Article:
Macroeconomic challenges persisted in British Columbia in the first quarter of 2023, culminating in the province’s least active quarter for venture funding deals in the last three years.
According to briefed.in’s latest report, in the first quarter of 2023, startups in BC raised a total of $95.1 million through nine deals. Investment in terms of dollars raised fell by 78 percent from the fourth quarter of 2022 and 82 percent year-over-year (all dollar amounts are in CAD).
Despite its slow start to the year, there are signs that BC’s tech sector will pick up fundraising momentum in 2023.
Q1 2023 represented BC’s third-lowest funding quarter in the last three years, with only Q3 2022 and Q4 2020 being lower. The first quarter was also BC’s slowest in terms of deal activity since at least Q1 2019, when briefed.in began tracking venture funding in the province. Deals fell by 18 percent from Q4 2022 and 69 percent year-over-year.
Much like other Canadian tech ecosystems, BC venture funding has fallen dramatically in the last year following a record-setting 2021 in which the province’s startups cumulatively raised approximately $4 billion, putting it on par with ecosystems like Toronto.
Chris Neumann, BC-based partner at Canadian early-stage firm Panache Ventures, observed that funding activity was sluggish in the first quarter, particularly at the later stages. “While pre-seed and seed investors generally remained active— Panache closed six investments in Q1—the industry overall continues to progress with caution,” Neumann said.
“Last year, the best founders across Canada put themselves in a position to delay fundraising and take more control of their destiny,” Neumann continued. “With so many VCs still sitting on their hands in Q1, the strong move for founders was to stay heads down and focus on their business.”
Neumann believes another factor that may have influenced British Columbia’s venture funding results in the first quarter of 2023 was the rise of generative AI. The fast emergence of AI tools like ChatGPT and DALL-E has sparked significant discussion in the tech sector, not due to their ability to generate sophisticated content, but also for their potential impact on future tech sector investments.
Neumann said while AI deals remain competitive, “deals in most other sectors slowed in Q1 as investors and founders tried to wrap their heads around the question of ‘What does this mean for me?’”
VCs across Canada are now starting to take a closer look at generative AI tools and the opportunities they present. Jordan Jacobs, co-founder and managing partner of Radical Ventures, which recently began raising a $550 million USD venture fund for AI companies, said he believes “AI will eat all software over the next decade.”
Given the meteoric rise of AI at the beginning of 2023, Neumann believes it’s currently a great time to fundraise “if you’re in or around AI. For everyone else, focus on the fundamentals.”
Raising off the record
During the first quarter, briefed.in tracked only two early-stage deals in BC, including one $1 million pre-seed round of funding closed by Levr.ai, and one $8.1 million seed funding round closed by recently formed Terramera subsidiary, EnrichAg. Two early-stage deals represent a three-year low for early-stage activity in the province.
Neumann, who invests in startups at the seed stage, said while Q1 was certainly a soft quarter in the early stages, he believes there was an underreporting of early-stage deals at play.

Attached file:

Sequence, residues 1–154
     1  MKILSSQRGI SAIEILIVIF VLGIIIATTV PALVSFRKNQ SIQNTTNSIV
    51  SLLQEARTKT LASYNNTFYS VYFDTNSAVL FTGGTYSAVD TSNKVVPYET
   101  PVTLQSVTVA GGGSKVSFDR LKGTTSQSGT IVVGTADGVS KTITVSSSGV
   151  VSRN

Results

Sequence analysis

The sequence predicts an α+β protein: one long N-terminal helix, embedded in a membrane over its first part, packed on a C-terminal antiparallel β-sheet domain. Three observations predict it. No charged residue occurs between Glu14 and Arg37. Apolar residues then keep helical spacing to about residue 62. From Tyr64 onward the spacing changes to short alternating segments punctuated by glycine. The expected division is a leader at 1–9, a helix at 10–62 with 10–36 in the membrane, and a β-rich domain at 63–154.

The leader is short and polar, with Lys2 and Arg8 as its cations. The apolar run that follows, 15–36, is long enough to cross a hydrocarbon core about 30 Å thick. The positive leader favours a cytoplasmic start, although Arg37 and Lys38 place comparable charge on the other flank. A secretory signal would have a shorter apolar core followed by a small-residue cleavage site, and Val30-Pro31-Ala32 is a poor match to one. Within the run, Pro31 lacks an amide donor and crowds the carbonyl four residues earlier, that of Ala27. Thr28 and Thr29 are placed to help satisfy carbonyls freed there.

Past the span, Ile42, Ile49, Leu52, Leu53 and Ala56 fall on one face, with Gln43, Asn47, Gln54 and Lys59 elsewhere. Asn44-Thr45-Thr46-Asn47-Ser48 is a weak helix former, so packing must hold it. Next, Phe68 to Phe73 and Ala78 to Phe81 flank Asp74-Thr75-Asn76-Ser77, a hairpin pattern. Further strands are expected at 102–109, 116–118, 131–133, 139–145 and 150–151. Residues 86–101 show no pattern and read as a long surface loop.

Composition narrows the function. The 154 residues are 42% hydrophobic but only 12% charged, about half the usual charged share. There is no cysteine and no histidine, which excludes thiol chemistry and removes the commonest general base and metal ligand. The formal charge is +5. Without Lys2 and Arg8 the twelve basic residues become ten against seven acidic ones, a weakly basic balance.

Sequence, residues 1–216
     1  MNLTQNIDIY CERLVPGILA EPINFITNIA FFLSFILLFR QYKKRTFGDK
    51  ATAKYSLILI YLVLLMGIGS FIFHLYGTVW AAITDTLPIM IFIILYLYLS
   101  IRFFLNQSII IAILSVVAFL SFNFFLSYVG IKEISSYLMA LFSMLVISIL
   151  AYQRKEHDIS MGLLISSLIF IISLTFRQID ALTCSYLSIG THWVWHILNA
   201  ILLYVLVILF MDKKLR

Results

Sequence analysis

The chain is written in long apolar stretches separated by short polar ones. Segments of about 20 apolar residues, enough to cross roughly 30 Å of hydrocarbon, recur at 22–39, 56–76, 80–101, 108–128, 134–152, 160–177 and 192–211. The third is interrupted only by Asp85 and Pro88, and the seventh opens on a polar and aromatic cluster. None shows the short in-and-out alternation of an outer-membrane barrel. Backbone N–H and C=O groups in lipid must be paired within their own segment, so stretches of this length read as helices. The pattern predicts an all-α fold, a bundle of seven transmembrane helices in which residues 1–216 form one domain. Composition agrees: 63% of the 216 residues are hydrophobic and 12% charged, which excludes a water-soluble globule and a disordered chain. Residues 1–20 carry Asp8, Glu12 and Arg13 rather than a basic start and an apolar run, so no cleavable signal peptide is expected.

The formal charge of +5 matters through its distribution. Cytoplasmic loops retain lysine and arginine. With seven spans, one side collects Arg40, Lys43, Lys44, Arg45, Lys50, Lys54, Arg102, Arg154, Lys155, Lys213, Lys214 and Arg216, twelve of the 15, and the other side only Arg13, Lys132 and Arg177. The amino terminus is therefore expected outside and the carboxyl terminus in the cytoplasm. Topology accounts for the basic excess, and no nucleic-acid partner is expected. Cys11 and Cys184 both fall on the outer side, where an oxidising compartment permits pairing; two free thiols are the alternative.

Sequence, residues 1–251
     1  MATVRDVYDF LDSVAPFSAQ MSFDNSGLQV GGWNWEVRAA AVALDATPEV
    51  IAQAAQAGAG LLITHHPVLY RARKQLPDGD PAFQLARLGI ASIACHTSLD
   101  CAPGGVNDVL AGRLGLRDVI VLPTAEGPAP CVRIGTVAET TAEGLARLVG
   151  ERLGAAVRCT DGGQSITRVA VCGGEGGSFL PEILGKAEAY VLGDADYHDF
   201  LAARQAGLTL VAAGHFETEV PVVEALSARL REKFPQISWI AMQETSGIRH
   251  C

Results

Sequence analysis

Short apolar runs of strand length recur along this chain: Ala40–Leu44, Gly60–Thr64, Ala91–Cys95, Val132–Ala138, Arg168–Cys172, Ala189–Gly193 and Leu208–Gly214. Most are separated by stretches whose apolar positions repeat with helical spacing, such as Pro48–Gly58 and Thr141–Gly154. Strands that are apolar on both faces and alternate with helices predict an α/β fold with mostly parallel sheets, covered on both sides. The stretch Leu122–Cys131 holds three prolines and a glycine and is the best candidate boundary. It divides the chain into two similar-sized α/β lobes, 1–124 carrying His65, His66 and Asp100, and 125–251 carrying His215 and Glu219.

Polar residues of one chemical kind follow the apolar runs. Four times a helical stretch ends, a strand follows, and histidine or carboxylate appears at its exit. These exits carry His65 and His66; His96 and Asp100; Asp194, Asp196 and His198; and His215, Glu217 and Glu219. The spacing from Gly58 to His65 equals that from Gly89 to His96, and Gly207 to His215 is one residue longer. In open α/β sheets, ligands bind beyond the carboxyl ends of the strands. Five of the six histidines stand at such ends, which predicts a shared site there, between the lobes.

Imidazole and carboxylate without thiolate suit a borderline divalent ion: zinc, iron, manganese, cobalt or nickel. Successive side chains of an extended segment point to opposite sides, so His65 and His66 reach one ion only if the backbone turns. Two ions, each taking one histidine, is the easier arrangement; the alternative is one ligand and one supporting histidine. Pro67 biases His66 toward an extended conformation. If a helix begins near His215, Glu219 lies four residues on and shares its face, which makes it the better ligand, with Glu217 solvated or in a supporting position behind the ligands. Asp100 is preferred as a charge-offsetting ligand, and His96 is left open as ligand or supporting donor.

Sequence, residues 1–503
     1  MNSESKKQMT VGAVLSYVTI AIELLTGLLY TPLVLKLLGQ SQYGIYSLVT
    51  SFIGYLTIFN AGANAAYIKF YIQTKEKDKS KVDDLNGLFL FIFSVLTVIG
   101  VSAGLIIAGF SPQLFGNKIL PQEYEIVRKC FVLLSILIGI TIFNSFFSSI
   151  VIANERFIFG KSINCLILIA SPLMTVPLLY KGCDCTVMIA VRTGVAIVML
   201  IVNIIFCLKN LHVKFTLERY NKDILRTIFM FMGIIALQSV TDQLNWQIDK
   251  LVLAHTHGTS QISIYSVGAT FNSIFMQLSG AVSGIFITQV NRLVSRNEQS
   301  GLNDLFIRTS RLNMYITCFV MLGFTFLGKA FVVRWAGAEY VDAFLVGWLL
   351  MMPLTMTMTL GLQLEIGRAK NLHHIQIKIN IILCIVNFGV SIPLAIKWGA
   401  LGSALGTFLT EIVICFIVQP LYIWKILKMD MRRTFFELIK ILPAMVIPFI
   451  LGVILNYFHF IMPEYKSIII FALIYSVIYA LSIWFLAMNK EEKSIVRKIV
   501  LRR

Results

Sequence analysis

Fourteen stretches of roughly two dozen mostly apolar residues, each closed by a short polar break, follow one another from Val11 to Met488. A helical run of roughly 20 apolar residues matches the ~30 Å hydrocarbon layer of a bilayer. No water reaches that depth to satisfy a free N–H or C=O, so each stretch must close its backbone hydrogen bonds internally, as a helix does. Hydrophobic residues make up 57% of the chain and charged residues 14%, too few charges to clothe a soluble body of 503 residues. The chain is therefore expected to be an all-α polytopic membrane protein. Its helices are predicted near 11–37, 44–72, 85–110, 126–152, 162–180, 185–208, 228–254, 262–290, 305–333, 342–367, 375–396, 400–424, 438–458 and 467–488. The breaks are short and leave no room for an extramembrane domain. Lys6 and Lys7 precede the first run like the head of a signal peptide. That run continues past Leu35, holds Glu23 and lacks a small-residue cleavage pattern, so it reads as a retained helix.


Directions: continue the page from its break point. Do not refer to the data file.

“In Q1, Panache made investments into six startups, including two in BC—and none of those rounds have been publicly announced,” Neumann said. “As investors, we follow the lead of our founders and only disclose with their permission.”
briefed.in’s data is collected from founders who submit their deal information directly, or from online, public sources, and not all companies or investors publicly disclose early-stage deals.
Neumann has noticed for several years, an increasing proportion of founders have chosen to not publicly announce their rounds. “That trend increased as the economy slowed and shows no signs of reversing,” Neumann said.
There were four Series A funding rounds tracked by briefed.in Q1 2023, making it the most active stage during the quarter. Major rounds included pH7 Technologies’ $21.7 million Series A funding round and ZenHub’s $10 million Series A funding round. Neumann said the relatively high number of Series A deals in Q1 2023 indicates a still-healthy early-stage ecosystem in BC.
Silver linings in Q2
Although British Columbia experienced a slow start to the year, there are encouraging signs that the province’s tech sector will pick up fundraising momentum in the remainder of 2023.
For one, new venture funds actively came online in the province in the first quarter, including Yaletown Partners, which closed its $200 million growth fund; Raven Indigenous Capital Partners, which completed the final close of its $100 million venture fund; and Pender Ventures, which closed the first half of its $100 million fund.
Adding to this optimism, a number of companies in the province have already pulled off significant fundraising feats since the close of Q1, including Vancouver-based LayerZero, which last month closed $120 million at a $3 billion valuation, and Abdera Therapeutics, which raised $142 million for a combined Series A and Series B round of funding.
Neumann said his firm has invested in one BC-based startup this quarter, and noted that only one month into Q2, he has seen fundraising activity at all stages pick up significantly across both Canada and the US, which he believes is a “promising sign for BC-based startups.”
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